It can, at times, seem like a new report comes out every day discussing how China is beating the U.S. in the clean energy game. We've seen lots of numbers thrown around, but this massive infographic from One Block Off The Grid highlights just how far ahead China really is.
First, the basics. China's solar, wind, and total renewable energy capacity blows the U.S. out of the water. The country has no doubt been helped by the 863 Program, a government-funded initiative that funds advanced energy technology. And, of course, hefty investments don't hurt.
China's reputation as a manufacturing hub has extended to the renewable energy industry. Cheap labor, multi-billion-dollar investments in clean energy, and a rapidly growing market for solar panels and wind turbines have helped the country along.
China already gets 15% of its energy from renewables, while the U.S. lags behind at 8%. This isn't to say that China doesn't have plenty of work to do—the country's many coal plants are as bad as anything seen in the U.S.
In case you haven't figured it out yet, China's renewable energy infrastructure can be attributed to heavy investment. Beijing's $11.5 billion in asset-financing for clean technology in 2010 combined with Washington's inability to enact a Renewable Energy Standard makes China look attractive to investors.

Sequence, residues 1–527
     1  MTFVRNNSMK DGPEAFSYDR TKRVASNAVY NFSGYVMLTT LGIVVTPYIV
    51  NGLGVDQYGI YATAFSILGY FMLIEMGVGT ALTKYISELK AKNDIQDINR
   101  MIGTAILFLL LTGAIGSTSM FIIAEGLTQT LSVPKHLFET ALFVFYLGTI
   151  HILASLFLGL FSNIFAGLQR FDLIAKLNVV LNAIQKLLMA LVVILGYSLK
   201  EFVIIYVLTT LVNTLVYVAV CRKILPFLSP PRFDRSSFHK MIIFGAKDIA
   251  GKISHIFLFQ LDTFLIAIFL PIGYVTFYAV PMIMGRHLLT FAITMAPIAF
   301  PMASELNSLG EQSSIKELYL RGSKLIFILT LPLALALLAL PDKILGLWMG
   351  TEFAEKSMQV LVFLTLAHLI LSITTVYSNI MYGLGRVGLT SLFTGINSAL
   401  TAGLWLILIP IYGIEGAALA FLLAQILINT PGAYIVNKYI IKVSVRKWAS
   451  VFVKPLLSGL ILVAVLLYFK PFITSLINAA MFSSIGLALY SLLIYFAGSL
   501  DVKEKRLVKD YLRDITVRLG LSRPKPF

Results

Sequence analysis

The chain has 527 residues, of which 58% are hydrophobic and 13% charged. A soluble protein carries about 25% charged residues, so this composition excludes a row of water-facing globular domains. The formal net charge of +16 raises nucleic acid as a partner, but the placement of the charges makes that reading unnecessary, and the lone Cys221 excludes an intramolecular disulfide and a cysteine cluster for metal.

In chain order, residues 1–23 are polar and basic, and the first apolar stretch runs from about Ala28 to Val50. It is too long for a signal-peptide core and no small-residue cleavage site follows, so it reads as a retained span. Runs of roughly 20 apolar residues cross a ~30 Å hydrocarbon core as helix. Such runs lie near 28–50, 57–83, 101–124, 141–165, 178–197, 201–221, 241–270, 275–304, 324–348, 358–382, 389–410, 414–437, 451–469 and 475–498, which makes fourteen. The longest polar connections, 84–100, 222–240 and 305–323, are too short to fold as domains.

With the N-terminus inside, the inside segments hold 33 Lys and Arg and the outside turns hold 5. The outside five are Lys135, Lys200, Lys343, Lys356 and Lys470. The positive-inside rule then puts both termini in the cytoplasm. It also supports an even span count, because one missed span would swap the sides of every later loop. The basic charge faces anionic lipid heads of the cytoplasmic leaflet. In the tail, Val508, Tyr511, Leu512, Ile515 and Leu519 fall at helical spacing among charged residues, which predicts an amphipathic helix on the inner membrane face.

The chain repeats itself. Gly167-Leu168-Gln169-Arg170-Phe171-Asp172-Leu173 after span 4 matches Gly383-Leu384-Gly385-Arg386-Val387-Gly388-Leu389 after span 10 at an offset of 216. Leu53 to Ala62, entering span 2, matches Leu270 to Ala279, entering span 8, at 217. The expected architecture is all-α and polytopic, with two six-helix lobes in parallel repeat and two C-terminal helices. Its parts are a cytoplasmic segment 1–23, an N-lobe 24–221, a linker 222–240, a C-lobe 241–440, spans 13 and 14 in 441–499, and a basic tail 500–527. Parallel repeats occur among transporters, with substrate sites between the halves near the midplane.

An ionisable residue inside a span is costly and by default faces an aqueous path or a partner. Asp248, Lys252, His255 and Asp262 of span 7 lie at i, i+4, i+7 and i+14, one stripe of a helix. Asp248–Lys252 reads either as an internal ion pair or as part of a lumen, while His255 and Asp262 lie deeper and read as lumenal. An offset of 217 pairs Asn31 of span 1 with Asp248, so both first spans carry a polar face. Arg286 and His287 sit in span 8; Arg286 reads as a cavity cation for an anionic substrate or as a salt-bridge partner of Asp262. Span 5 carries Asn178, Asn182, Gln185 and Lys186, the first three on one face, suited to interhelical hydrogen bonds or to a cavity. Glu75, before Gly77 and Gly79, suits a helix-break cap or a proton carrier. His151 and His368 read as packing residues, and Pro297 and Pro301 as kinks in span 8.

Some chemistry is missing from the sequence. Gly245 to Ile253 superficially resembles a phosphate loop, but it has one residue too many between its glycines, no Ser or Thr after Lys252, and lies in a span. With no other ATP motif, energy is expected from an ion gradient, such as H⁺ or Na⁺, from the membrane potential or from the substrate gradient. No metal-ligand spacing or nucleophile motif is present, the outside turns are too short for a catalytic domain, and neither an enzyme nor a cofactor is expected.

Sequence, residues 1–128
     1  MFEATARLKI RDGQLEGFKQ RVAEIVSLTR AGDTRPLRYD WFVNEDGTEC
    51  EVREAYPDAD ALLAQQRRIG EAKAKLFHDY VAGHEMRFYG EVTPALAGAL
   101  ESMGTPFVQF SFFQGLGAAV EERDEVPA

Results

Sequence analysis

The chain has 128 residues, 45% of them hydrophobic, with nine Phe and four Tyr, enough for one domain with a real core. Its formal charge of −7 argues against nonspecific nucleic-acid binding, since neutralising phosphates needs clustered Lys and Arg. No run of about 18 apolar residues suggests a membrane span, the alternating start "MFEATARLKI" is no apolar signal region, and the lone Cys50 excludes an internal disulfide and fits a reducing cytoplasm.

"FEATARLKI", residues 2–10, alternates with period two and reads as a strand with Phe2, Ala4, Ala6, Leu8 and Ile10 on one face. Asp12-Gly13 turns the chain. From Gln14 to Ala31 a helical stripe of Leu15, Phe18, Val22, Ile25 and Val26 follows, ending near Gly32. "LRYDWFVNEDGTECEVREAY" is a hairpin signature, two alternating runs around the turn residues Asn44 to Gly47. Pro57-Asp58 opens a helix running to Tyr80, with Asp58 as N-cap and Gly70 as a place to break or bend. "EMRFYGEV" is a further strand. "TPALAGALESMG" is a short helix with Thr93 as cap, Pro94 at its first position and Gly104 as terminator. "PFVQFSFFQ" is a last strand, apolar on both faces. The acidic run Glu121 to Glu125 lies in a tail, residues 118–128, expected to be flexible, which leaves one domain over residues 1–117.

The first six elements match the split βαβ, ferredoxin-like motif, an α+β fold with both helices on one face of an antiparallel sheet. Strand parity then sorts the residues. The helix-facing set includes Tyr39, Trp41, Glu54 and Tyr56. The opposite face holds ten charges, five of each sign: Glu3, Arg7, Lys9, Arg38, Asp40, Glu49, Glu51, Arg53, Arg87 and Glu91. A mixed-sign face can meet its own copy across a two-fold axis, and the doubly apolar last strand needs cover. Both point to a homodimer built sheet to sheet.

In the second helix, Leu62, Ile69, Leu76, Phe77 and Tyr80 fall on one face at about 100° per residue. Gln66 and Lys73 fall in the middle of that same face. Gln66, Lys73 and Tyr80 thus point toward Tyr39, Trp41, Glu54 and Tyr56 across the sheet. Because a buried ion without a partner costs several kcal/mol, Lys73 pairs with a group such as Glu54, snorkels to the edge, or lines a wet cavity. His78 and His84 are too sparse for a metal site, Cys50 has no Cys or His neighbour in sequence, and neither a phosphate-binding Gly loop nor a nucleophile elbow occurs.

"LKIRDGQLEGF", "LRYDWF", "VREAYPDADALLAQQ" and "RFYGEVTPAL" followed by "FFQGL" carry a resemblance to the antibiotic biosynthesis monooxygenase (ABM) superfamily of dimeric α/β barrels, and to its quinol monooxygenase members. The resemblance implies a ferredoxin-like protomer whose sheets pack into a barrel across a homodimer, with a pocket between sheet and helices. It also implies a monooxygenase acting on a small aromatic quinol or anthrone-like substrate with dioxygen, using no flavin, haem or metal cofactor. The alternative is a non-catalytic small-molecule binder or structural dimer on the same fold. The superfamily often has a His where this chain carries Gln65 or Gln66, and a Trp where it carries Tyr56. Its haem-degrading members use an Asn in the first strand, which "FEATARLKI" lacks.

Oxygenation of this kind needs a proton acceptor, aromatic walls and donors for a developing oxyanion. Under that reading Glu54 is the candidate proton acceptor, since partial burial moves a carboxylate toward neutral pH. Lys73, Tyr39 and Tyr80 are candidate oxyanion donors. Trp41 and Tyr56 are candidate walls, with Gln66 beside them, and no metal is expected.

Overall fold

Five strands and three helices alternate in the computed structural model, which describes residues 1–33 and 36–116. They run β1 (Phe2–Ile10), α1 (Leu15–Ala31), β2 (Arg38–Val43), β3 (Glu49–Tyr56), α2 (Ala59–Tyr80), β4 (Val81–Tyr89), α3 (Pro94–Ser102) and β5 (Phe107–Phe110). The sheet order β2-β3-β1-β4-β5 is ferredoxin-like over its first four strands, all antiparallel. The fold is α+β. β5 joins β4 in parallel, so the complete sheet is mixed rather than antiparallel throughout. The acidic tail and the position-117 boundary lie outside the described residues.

This one is pretty self-explanatory. China is getting ahead because the country is outspending the United States—by several billion dollars.
Despite China's large amount of solar installations, the country spends significantly more money investing in wind than the U.S. The country also seems to be more interested than the U.S. in experimenting with technologies besides solar, wind, and biofuel.
This is perhaps the most telling part of the infographic: China values its renewable industry almost as much as it values defense. The U.S., on the other hand, is much more militarily oriented—a trait that is holding us back from quickly transitioning to a renewable energy infrastructure (despite the fact that the armed forces are some of the biggest advocates of clean energy).
Finally, China has the U.S. beat on renewable energy incentives—a key factor that has also led incentive-happy countries like Germany and Spain to become major renewable energy players (Germany, however, recently cut its solar PV tariffs, and Spain slashed its solar subsidies last year).
Will China continue to dominate the U.S. in the clean tech industry? Probably, unless the U.S. suddenly decides to ramp up investing, give military dollars to renewable energy projects, increase manufacturing, and promote cleantech investments for individuals and households. Check out the full-sized infographic here.